Most Malawians speak some English and all your guides will speak English, but the main language is Chichewa - if you do learn a few words you will make plenty of friends!
Can I drink the tap water?
No, I wouldn’t recommend drinking the tap water. Whilst on safari I suggest people drink the bottled water that will be available in your tent or lodge and if you need extra at any point you’ll be able to purchase it. Some lodges also offer purified water which is safe to drink, this is an incentive to cut down on plastic bottle waste and more and more lodges across Africa have started to implement this.
Should I expect very basic facilities in the hotels and lodges?
We use lodges that offer a high standard of comfort and all have en-suite facilities, but the properties range from simple and basic to luxury, depending on budget and location. We always concentrate on the quality of your overall experience and tailor the trip to your needs and desires. In some of the more remote areas there is only one or two lodges and therefore the choice is limited. As the lake is the main attraction you will find the most variety of accommodation here.
What is the local food like?
Most of the time you’ll eat in your lodge as you’ll be miles from anywhere, and here western cuisine is served with the occasional African dish. Most of the lodges use local produce; supporting the local community by buying from them first before ordering provisions from the larger cities, especially when it comes to fruit and vegetables. If you have a specific dietary requirement, make sure you let us know well ahead of time to ensure there’s a choice of food available to you when you arrive.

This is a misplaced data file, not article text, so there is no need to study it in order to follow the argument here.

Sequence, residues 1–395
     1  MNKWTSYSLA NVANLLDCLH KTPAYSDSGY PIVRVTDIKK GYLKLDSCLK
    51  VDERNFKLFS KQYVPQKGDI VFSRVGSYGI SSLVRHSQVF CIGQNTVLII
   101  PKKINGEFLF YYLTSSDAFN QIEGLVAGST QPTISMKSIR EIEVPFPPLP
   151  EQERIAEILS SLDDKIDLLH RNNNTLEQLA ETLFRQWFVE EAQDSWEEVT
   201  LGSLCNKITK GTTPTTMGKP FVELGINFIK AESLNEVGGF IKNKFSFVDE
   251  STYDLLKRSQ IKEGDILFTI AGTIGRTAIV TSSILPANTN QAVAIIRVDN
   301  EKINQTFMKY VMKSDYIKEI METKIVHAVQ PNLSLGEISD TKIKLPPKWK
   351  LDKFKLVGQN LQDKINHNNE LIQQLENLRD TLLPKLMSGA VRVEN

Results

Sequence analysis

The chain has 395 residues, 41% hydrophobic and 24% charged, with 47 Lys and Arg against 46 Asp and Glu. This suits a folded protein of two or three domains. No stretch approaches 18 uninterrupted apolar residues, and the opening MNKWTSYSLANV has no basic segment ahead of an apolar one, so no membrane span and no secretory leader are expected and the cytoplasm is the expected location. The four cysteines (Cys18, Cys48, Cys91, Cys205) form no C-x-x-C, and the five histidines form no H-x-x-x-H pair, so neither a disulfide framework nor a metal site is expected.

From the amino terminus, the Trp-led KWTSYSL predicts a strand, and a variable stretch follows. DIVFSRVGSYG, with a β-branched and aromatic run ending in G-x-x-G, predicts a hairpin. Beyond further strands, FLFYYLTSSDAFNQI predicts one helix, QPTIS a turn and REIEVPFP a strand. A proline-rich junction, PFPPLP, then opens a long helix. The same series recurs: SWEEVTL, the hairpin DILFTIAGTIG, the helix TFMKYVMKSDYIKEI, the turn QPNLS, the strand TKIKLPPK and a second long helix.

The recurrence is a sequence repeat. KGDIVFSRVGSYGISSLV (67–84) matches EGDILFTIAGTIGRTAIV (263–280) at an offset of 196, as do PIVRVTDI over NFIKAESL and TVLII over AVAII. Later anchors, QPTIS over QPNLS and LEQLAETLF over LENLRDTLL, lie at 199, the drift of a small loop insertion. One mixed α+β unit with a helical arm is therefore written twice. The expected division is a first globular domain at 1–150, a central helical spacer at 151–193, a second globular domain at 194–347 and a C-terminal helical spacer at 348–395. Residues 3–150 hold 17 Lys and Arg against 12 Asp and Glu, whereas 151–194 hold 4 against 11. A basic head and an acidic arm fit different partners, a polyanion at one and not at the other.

How much of a culture shock is travelling to Malawi?
Malawi is one of the poorest countries in the world, with about 70% of the population living on less than $2 a day. However it is one of the friendliest countries that I have ever travelled to. The locals truly are the warm heart of Africa and go above and beyond to make you feel welcome in their country.
How can I contribute to the local economy and conservation programmes?
Just by travelling to Malawi you are helping to contribute to the local economy and conservation programmes. Liwonde National Park, Majete Wildlife Reserve and Nkhotakota Reserve are managed by a public/private partnership that invests in the local community. At Pumulani on Lake Malawi, Loyce, a waitress at the lodge is one of the most amazing and hard-working women I have ever meet; she runs an arts and crafts centre in the local village which you can visit and also supplies many of the lodges with wares for their shops. Not only this but she also started an orphanage and sells the veg that she grows in her small allotment to the lodge! She truly is an inspiration and she is fully supported by the management at Pumulani. There are stories and examples of this all over Malawi and we are more than happy to give you information about different projects in the various lodges that you are staying at.
Do I need to get any vaccinations ahead of travel and/or malaria tablets?
Yes you will. The best thing to do is to visit your doctor at least six weeks in advance of travel as they can give you the most up to date advice. Malawi is malarial though, so you will need to take appropriate precautions.
I am pregnant, can I travel to Malawi?
We wouldn’t recommend travel to a malarial country in these circumstances, but always consultant your doctor.